From 06 April 2016 onwards, any migrant in the UK under a Tier 2 visa wanting to apply for Indefinite Leave to Remain in the UK (“ILR”) will be required to be earning a minimum of £35,000 for their application to be considered. Once introduced, the new income threshold will affect many Tier 2 visa holders currently in the UK hoping to apply for ILR.
Why the increase?
The amended salary threshold is designed to reduce the number of non-EU nationals granted ILR. The current number of granted applications stands at around 60,000 per year. It is hoped that that number will be slashed to 20,000. It comes as part of the government’s efforts to reduce the levels of UK net-migration to below 100,000 per year, a task which the government have failed to carry out in the past.
Who will it affect?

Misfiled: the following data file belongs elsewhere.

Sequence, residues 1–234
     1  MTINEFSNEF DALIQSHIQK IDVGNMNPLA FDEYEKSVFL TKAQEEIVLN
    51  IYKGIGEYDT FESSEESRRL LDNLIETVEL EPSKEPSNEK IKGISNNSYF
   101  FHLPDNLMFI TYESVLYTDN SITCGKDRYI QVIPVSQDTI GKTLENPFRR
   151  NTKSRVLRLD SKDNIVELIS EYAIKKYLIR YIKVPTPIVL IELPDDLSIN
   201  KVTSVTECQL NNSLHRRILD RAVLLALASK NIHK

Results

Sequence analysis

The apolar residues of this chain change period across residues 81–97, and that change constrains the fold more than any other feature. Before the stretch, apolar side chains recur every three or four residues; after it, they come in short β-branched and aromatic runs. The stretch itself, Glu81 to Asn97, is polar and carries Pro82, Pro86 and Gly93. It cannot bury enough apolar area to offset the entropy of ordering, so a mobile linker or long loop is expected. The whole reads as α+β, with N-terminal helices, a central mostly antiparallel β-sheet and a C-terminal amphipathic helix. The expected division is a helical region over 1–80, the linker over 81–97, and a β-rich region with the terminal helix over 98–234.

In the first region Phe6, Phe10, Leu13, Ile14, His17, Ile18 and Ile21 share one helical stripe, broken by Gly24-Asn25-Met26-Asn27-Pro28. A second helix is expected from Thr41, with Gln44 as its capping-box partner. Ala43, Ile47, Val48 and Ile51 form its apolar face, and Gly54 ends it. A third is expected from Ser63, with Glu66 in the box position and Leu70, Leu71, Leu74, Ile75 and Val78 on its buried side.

The change will affect anyone in the UK under a Tier 2 visa looking to obtain settlement through ILR. Those who will not be earning £35,000 at the time the change is introduced will have to find some other way to extend their stay in the UK.
Who will be exempt?
The new income threshold requirements will not apply to anyone in the UK under Tier 2 who is also in an occupation detailed on the shortage occupation list, nor will it apply to scientists or researchers in PhD level occupations.
What do we think?
As you can imagine, news of this upcoming change has been met with much criticism, especially from within the health and education sectors.
Cameron made mistakes. He promised to reduce net-migration levels in the UK to the tens of thousands and subsequently could not deliver. Now that he has remained in power he has actually carry out actions the yield real results. Taking stock of the skills shortage the UK has been experiencing for many years in various sectors, eliminating a route that provides for skilled migrants to contribute the growth of the UK economy and fill the gaps is not a wise move.